CDC's Atlanta-area antibody study 'freaked out' residents after community outreach failure

Tim O'Donnell

Back in April, experts from the Centers for Disease Control and Prevention traveled throughout Georgia's DeKalb and Fulton counties to conduct a coronavirus antibody project with the goal of tracking how the virus was spreading disproportionately among Black residents. It quickly backfired and sowed distrust among residents, Politico reports.

The first issue was how quickly everything happened — the project got the green light from the CDC just a day before it began, and Sandra Elizabeth Ford, the director of the DeKalb County Board of Health, said her office barely got a heads up.

The lack of notice led to the second flaw in the plan. The CDC had failed to do any community outreach before arriving, and many residents were reportedly upset when officials knocked on their doors. Ford's office reportedly tried to do some last minute damage control and convince community members the project was not a "police event" and had "no malicious intent," but to little avail. "People were asking me, 'What do I do if they come to my door and ask for my blood. Do I give it to them?'" said Nse Ufot, executive director of the New Georgia Project. "It freaked out a lot of seniors and a lot of African American leaders and community members."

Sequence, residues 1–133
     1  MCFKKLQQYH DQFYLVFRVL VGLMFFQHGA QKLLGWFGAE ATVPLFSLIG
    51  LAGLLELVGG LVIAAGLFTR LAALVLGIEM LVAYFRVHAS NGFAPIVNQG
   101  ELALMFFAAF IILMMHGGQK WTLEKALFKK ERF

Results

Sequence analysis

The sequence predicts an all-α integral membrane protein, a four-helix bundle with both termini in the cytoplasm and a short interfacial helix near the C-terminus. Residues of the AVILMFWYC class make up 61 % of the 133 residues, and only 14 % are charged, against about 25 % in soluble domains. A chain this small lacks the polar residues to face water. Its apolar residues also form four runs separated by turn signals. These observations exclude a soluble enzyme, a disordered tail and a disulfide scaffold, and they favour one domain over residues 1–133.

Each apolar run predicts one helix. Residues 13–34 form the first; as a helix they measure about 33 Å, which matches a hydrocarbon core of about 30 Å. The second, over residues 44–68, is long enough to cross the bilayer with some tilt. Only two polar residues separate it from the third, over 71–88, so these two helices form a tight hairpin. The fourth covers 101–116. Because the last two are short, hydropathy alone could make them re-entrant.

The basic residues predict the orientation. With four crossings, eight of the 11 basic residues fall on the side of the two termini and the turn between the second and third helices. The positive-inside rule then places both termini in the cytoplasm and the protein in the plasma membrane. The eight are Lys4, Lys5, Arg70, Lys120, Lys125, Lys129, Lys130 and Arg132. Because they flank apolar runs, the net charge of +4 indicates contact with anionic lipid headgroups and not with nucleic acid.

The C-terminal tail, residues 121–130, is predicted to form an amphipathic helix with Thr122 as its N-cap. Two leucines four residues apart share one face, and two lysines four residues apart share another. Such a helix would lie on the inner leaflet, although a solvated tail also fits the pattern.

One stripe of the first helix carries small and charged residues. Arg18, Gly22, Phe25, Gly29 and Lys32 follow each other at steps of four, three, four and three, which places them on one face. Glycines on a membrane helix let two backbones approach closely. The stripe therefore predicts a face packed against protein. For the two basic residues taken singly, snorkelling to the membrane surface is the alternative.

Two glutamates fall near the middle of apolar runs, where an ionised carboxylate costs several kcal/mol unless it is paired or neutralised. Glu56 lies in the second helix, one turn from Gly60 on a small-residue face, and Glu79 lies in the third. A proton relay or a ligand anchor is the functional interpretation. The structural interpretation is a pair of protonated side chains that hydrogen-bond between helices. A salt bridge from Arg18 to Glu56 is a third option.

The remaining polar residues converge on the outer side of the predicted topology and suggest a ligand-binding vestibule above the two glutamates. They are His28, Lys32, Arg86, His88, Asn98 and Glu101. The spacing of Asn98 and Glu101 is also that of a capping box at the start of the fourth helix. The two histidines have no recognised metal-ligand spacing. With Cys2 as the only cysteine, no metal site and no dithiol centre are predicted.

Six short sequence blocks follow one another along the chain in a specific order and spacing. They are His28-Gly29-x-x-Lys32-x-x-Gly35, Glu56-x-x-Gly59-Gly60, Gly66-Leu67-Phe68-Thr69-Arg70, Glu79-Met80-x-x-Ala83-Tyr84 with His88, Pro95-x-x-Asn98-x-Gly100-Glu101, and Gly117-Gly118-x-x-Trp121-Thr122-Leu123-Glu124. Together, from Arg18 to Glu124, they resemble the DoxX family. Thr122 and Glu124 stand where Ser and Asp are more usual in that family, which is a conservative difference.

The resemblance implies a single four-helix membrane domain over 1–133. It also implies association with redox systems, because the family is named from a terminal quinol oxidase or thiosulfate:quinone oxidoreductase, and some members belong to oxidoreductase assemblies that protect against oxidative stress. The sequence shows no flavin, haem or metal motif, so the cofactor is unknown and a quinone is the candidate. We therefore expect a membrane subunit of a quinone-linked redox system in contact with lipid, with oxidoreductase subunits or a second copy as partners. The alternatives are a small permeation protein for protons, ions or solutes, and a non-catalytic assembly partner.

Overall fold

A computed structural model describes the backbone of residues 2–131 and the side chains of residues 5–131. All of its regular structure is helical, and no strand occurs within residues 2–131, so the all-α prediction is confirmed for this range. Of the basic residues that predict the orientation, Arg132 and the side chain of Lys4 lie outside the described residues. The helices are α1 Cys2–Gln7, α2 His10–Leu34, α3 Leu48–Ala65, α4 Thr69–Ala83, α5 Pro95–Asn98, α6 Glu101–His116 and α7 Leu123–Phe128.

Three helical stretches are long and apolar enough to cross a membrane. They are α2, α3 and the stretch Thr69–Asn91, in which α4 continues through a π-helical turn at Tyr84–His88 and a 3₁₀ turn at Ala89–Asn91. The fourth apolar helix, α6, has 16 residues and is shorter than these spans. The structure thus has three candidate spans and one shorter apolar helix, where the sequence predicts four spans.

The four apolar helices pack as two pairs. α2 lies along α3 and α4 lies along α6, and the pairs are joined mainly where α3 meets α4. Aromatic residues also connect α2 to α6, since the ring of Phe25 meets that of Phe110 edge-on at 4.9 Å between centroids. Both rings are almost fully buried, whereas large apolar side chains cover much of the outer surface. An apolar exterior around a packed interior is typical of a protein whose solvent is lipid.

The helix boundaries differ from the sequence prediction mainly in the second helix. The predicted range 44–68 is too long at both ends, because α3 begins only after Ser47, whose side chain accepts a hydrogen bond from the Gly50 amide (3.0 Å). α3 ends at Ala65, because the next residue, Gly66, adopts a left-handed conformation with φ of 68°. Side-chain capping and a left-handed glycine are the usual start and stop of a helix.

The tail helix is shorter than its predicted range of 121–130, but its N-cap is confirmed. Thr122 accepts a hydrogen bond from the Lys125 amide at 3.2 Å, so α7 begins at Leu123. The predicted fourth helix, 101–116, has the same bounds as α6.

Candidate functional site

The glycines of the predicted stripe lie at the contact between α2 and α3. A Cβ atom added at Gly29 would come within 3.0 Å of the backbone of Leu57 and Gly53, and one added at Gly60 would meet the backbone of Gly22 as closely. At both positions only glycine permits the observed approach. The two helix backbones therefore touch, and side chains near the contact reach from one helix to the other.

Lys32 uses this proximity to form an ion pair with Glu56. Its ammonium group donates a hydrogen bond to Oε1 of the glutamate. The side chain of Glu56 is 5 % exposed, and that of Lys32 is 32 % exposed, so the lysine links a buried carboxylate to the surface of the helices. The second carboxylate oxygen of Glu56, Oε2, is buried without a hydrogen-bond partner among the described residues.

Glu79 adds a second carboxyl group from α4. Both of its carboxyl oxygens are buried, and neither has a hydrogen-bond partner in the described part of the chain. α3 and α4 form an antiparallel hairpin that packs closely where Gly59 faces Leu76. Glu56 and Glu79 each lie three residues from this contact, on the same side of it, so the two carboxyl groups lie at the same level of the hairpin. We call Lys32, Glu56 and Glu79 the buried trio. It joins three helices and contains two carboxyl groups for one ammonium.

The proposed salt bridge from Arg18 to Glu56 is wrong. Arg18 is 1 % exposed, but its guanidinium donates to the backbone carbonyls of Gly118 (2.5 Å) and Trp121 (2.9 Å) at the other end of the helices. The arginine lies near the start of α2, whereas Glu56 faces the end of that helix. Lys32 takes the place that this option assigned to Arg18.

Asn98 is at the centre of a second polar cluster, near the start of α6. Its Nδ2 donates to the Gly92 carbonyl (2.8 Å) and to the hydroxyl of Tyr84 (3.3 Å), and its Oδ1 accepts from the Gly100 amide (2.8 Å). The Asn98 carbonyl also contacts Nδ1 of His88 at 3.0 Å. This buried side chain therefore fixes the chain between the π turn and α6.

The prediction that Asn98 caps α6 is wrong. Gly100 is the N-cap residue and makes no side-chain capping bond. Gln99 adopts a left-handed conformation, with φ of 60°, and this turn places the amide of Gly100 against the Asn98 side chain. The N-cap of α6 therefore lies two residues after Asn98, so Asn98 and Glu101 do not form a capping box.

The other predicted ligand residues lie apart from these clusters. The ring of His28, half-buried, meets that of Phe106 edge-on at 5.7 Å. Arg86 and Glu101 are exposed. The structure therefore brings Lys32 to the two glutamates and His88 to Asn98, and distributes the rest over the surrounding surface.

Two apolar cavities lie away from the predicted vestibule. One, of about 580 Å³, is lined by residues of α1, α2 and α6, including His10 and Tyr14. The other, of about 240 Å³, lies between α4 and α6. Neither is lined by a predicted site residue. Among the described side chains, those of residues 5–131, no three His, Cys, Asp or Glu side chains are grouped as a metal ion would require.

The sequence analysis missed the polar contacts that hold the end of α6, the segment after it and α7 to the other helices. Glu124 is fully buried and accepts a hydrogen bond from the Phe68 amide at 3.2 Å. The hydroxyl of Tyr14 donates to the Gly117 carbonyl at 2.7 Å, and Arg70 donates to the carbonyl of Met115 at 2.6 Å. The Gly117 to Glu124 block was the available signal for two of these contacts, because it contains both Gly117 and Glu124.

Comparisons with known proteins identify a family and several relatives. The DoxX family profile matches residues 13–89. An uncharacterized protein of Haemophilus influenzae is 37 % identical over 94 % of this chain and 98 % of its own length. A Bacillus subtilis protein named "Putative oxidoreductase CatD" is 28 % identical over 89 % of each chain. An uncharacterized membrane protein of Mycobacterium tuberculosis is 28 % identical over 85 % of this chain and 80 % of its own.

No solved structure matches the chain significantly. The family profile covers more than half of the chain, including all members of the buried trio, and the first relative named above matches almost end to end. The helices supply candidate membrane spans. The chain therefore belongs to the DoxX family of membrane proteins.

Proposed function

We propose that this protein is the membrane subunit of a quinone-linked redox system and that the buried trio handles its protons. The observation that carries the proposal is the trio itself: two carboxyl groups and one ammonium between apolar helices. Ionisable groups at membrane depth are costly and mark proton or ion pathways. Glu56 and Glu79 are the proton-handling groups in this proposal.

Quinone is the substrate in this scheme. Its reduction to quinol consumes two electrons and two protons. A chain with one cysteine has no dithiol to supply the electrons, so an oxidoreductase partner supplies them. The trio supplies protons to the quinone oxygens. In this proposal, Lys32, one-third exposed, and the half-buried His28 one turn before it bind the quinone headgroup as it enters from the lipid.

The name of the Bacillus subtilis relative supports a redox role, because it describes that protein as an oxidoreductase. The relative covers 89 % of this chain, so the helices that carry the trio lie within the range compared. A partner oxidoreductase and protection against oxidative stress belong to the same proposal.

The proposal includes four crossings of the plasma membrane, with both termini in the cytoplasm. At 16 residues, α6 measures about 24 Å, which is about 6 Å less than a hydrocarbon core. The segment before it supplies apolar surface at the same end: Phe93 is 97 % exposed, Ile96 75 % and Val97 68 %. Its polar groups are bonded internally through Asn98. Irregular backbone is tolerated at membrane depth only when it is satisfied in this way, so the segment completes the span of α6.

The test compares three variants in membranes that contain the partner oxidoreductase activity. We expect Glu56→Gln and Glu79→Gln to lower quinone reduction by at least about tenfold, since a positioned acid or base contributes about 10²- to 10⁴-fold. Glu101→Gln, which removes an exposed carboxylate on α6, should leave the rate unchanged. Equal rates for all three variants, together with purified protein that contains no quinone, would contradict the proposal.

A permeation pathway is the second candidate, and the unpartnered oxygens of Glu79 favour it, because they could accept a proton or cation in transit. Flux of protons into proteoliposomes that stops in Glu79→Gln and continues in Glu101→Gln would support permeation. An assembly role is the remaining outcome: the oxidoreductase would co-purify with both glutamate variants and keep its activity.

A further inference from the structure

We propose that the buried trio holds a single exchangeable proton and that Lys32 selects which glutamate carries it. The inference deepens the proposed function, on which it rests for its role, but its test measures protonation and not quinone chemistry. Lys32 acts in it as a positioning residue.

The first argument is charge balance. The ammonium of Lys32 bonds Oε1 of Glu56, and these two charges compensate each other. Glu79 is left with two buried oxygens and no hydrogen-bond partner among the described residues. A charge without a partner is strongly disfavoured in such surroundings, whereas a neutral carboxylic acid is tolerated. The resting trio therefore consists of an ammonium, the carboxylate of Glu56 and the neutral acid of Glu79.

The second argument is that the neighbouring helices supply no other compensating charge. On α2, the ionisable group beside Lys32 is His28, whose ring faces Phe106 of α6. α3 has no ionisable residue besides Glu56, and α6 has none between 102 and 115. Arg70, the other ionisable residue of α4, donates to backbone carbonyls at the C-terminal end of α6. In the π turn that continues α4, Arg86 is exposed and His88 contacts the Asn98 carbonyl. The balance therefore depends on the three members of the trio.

The CDC later apologized at a town hall. Dr. Joseph Bresee, associate director of global health affairs for the CDC's influenza division, said "we clearly fell short in doing the appropriate outreach to the community before this happened." Read more at Politico.

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